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A New Spin on a Spinning Head

How self-hypnosis helped calm the chaos in my brain.

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illustration of woman with spinning circles over her mind
Stuart Bradford
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Welcome to my brain. Brace yourself. It can be verrrrrry busy in here. Always jumping around. Bouncing from this topic to that subject. We’re out of bananas … did I take my baby aspirin …  gotta do Wordle ... boy, do I need a pedicure.

A court reporter couldn’t keep up with what’s going on in here.

Toss in emails, breaking news headlines, Instagram and Facebook, and my head’s a regular Mount Vesuvius. If my brain could get a thought in edgewise, I’m sure it would scream: Hey! I’m exhausted! Can’t you slow things down and give me a break?

Well, Linda’s Brain — it’s not like I haven’t tried.

Mellow friend Jim Trowell is a huge fan of meditation. “My monkey brain never stops its chatter,” he says. “But observing my thoughts coming and going, being the observer, gives me some sense of control.”

I envy Jim. I envy anyone who can meditate. I can last two, three minutes tops. My niece Esther calms her mind with deep breathing. Me? I just end up hyperventilating. I’ve also tried mantras. Mine usually go like this: ohhhmm … ohhhmm … ohhhmm … myyyy … I … haaaate … this.

With many of the popular mindful pursuits not cutting it for me, I decided to learn something a little different: Self-hypnosis. If you’re immediately thinking Harry Houdini, let’s reintroduce the concept by a more modern name: practical neuroplasticity. That sounds far more distinguished, doesn’t it?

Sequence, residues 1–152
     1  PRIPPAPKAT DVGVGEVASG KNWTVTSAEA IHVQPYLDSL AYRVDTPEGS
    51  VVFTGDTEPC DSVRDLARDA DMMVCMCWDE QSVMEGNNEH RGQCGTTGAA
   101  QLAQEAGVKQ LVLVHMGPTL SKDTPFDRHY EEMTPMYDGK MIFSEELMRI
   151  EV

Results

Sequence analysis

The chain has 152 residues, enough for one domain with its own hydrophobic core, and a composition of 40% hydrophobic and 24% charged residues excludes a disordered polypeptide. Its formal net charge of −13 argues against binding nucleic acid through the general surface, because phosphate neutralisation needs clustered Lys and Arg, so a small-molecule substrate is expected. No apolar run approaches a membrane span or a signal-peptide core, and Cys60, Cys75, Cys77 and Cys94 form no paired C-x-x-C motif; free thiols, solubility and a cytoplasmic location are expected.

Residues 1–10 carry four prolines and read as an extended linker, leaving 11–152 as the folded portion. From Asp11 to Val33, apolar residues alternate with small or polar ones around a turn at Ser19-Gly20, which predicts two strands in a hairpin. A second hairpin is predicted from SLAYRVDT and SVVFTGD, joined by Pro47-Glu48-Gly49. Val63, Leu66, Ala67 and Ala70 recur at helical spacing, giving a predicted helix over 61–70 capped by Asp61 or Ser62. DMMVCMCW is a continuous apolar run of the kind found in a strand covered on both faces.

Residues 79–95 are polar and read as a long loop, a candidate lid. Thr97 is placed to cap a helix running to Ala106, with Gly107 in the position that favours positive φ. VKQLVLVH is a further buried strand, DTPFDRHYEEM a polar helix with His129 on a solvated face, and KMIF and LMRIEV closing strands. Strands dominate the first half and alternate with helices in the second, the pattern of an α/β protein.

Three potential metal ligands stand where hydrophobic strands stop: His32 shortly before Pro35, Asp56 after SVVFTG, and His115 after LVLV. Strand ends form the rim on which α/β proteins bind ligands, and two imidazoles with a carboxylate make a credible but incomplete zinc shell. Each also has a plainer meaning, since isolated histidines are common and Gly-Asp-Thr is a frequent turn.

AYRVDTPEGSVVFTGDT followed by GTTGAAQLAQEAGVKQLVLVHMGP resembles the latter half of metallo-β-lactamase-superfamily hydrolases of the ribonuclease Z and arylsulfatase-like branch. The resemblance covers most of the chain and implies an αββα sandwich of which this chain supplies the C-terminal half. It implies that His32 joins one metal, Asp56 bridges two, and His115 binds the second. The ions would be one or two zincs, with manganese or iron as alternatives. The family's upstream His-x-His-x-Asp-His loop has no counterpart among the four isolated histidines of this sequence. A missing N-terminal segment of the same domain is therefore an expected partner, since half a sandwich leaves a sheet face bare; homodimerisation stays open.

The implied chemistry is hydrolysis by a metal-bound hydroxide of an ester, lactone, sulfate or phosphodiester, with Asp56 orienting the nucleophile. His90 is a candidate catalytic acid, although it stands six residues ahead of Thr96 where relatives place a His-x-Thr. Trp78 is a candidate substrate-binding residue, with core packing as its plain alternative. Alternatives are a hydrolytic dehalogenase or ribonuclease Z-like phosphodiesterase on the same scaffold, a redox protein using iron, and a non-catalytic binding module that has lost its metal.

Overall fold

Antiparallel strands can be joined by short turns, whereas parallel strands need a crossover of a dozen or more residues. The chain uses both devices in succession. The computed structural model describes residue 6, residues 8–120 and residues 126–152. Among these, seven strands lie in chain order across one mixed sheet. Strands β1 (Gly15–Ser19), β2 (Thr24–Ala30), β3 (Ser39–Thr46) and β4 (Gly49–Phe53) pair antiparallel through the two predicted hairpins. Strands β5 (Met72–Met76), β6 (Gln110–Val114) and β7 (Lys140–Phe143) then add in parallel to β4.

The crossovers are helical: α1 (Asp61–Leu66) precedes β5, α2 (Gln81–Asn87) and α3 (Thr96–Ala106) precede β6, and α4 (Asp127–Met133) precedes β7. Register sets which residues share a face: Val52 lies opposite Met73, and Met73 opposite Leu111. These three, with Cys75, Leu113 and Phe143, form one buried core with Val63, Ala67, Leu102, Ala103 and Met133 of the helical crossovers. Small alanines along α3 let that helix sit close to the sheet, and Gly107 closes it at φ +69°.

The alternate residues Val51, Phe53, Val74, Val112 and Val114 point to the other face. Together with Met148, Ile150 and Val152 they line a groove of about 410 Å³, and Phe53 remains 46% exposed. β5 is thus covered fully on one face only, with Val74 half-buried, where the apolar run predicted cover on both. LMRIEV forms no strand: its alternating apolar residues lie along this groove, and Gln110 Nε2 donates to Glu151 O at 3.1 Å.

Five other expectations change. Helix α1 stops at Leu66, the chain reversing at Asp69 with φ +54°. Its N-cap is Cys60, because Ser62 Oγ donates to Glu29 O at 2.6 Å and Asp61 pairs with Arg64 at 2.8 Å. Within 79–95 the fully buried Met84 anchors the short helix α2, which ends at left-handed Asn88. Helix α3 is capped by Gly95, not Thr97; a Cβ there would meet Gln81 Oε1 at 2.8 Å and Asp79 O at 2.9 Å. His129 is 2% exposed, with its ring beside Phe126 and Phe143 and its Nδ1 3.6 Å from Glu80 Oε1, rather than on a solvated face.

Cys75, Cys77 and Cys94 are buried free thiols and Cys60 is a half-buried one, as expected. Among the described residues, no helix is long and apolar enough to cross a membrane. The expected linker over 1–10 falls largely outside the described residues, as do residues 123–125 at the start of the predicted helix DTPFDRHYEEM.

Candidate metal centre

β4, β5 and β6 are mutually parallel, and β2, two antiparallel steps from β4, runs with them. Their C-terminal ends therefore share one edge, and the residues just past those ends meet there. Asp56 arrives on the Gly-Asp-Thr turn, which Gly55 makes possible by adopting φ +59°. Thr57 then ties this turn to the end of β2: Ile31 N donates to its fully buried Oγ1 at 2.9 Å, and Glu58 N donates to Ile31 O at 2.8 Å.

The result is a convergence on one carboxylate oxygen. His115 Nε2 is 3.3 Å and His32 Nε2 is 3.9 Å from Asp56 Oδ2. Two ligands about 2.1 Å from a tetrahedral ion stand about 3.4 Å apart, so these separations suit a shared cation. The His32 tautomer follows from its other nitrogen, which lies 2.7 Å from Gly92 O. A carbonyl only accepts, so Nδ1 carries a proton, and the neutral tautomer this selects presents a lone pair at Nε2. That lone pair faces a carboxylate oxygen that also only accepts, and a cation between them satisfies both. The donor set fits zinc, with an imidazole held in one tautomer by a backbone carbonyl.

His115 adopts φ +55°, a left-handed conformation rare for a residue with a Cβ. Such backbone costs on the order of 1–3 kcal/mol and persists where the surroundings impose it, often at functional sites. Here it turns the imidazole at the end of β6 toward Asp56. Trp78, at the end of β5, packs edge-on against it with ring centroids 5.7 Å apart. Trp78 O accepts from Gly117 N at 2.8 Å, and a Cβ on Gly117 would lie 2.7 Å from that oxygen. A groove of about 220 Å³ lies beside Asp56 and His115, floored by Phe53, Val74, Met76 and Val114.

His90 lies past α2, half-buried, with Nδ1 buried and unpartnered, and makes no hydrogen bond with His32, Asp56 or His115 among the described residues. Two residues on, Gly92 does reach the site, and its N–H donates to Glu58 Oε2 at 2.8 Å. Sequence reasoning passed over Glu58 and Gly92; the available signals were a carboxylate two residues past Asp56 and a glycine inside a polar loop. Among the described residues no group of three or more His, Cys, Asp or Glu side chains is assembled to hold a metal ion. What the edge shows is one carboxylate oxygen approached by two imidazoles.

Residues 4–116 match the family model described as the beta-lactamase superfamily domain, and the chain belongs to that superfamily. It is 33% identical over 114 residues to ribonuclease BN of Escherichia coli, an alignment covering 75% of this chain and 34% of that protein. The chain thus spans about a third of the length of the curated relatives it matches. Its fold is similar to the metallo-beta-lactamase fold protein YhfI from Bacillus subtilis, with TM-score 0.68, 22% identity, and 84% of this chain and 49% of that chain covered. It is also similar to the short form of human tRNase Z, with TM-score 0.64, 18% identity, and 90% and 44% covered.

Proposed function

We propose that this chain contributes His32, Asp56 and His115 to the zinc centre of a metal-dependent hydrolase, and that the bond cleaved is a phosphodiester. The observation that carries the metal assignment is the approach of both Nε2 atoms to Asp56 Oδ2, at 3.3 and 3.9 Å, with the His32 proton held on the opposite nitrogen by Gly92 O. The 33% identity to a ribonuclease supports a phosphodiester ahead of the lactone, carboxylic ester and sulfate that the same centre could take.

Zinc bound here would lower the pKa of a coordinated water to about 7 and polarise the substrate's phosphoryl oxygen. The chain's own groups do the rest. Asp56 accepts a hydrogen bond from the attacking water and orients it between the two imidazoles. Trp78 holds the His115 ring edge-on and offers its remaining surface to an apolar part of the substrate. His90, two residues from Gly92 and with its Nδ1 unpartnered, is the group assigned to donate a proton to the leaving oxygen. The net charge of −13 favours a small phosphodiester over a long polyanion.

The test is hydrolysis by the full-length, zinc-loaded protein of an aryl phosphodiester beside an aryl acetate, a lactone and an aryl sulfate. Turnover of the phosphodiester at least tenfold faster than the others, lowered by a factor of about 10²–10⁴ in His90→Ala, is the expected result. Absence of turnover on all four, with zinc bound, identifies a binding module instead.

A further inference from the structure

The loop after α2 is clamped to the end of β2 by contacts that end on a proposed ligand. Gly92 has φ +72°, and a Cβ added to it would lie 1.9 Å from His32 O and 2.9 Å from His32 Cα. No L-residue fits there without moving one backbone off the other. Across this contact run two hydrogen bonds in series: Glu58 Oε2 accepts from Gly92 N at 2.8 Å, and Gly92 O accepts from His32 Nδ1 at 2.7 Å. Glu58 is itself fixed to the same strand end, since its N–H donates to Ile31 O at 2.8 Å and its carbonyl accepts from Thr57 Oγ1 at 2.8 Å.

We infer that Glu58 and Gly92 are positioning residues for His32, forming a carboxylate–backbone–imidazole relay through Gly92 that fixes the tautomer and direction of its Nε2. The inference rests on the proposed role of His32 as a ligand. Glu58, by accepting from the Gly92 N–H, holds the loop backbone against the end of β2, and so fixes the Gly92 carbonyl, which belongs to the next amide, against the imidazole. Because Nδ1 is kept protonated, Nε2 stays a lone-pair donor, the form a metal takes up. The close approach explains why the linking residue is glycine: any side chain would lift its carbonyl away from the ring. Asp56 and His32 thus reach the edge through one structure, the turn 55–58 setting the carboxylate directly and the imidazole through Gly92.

I started by contacting neuroplasticity specialist Melissa Tiers, founder of the Center for Integrative Hypnosis in New York. She’s traveled to places like Australia, Brazil, Switzerland and Dubai giving lectures and training professional practitioners, but now she was on my computer screen. Helping me. Via Zoom.

Her forte is anxiety — and fixing in a few sessions what otherwise might take years of talk therapy. She always begins by asking a client: “What do you want to change today?

Spinning thoughts are a form of anxiety that create a habituated pattern in the brain. Practical neuroplasticity is a way of using your own mind to change your brain.

Research psychiatrist Jeffrey M. Schwartz, M.D., author of You Are Now Your Brain, first used brain scans more than 20 years ago to demonstrate the effectiveness of self-directed neuroplasticity. If I’d known that, my mind could have calmed down in 2002. As Schwartz writes in his book, “How you focus your attention influences your brain and how it is wired. This means that if you repeat the same act over and over regardless of whether that action has a positive or negative impact on you — you make the brain circuits associated with that act stronger and more powerful.”

OK, brain — listen up!

Tiers taught me some rapid techniques for quieting the mind. Ways to put my head in time-out. As someone who doesn’t even have patience for a mantra or two, the appealing word for me was: rapid. My favorite technique was one she calls “shift out and shut up.”